Documenting Gender Impact in Uganda

Training in visual documentation techniques.

A few months ago I trained staff of three district farmers associations (Hodfa, Madfa Mbabadifa) , three partners of Trias Uganda, in visual documentation techniques.

Over the years the three district farmers associations implemented a range of gender projects to ensure that women, men and youth equally benefit from their general programmes on food-and income security, and on value chains. And indeed, the associations seemed to be quite successful in their endeavour to mainstream gender -as reported by different experts visiting the districts- but none of the farmers associations really kept systematic track of these results. With years of experience, the need was felt to review and discuss the status and results of gender mainstreaming, and to determine the way forward.

At the same time the farmers associations felt the need to go off the beaten track and to show their results instead of writing up a study. Through an earlier evaluation two of the farmers associations had seen the power of video for facilitating discussions, and so they decided they wanted to document their gender results through videos, themselves. And so it happened.

This meant that staff needed to be trained in video documentation; especially in documenting results of gender mainstreaming. I developed a comprehensive training, including camera and editing techniques and skills, and -more important- social research techniques, interviewing and story telling, triangulation and validation, and training in understanding and recognising gender impact.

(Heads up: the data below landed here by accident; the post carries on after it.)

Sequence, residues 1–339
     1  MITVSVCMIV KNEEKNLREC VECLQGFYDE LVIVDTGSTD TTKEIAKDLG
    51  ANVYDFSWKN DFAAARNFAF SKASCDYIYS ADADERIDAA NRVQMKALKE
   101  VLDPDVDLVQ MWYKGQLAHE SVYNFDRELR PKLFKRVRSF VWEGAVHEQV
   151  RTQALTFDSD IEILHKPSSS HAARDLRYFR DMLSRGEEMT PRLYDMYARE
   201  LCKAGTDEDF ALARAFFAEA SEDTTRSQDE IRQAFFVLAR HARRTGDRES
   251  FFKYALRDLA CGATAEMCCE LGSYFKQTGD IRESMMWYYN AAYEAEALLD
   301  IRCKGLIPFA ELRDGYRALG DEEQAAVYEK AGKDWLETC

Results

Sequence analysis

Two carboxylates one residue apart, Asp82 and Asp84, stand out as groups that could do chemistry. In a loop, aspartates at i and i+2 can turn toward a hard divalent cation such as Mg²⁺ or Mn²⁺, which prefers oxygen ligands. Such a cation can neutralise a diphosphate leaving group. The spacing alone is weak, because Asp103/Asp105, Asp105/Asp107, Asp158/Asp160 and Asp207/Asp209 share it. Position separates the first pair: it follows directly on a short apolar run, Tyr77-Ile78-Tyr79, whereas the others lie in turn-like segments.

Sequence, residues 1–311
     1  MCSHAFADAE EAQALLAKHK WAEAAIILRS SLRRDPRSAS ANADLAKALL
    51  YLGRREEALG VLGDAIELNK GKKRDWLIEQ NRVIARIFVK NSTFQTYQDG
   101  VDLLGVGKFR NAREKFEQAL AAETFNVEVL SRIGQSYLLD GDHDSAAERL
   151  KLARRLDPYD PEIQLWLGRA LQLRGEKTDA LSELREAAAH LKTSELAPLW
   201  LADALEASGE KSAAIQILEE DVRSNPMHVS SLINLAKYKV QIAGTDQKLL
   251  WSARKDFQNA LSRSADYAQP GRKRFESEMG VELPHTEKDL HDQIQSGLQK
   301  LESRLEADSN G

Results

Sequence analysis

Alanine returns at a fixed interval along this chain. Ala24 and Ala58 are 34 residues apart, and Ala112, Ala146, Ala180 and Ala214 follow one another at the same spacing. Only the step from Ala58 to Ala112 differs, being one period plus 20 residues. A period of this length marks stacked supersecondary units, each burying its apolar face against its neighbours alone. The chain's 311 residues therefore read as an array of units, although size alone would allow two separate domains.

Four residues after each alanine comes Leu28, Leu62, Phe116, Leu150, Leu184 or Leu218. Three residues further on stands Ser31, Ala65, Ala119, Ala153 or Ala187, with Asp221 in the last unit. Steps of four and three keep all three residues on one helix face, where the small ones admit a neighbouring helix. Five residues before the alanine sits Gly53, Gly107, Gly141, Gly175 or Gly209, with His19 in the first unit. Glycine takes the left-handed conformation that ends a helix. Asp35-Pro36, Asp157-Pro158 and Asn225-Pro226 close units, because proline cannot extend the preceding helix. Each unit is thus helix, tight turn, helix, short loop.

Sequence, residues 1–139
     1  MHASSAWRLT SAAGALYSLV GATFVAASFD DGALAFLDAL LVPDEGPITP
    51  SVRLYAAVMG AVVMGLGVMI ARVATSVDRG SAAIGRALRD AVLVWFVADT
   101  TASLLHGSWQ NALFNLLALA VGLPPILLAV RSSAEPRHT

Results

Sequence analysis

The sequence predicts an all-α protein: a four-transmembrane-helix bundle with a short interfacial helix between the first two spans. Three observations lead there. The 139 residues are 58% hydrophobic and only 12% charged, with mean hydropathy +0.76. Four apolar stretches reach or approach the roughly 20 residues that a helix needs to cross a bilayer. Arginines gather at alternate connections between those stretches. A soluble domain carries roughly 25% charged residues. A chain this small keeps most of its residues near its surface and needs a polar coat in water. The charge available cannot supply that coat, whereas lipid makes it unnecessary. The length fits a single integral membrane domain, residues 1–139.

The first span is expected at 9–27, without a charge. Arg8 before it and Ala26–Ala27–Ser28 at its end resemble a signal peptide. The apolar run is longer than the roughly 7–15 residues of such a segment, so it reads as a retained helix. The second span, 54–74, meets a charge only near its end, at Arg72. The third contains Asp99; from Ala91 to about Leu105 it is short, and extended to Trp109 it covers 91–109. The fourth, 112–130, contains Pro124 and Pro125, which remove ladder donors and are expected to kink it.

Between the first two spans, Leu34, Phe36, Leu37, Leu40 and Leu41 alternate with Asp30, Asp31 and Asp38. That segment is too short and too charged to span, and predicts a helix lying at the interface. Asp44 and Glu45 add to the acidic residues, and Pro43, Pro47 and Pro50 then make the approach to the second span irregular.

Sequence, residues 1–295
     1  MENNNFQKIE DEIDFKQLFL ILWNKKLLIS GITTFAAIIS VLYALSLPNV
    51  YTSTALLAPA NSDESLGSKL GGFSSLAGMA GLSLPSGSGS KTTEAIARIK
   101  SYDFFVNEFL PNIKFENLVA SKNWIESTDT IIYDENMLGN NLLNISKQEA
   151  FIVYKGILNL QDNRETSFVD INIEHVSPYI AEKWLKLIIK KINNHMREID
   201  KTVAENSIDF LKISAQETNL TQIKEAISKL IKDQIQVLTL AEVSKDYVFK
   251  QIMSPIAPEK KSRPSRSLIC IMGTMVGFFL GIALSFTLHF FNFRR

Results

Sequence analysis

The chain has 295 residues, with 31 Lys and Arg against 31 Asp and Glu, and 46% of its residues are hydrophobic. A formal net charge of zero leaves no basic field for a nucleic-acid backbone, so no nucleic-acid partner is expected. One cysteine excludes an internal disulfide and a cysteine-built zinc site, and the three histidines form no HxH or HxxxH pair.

Especially this last issue ‘recognising gender impact’ took an important place in the training: What does gender impact mean in the light of farmers associations and their programmes?

To move beyond capturing of mere singular testimonies, I introduced the gender@work framework that includes changes in gender awareness, access and control over resources, services and decision-making of women, men and youth, and changes at institutional and community level (laws, regulations, policies and norms, values and practices) that enable gender changes to happen.

The results of three weeks training were absolutely amazing, and certainly not without challenges! In the end all three farmers’ associations had rather strong videos on gender impact, featuring specific women and men. The changes in awareness and the changes of norms, values and practices at community level

are very well visible. As Benon, one of the interviewee tells: ‘Only 15 years ago, women were not supposed to join our meetings, and if they did, they were supposed to keep their mouth shut. And look at us now, we even have women leaders that lead our groups.’ Showing access to services like extension and credit, and to resources like land and seed were visible in the videos as well. However, having control over resources and services was still kind of absent: For example ownership of land and decision making about money is still mainly in the hands of men.

Recently, the videos were published by Trias Uganda. And to be honest, I am really really proud of my students and how they were able to capture gender impact after a training of three weeks only.

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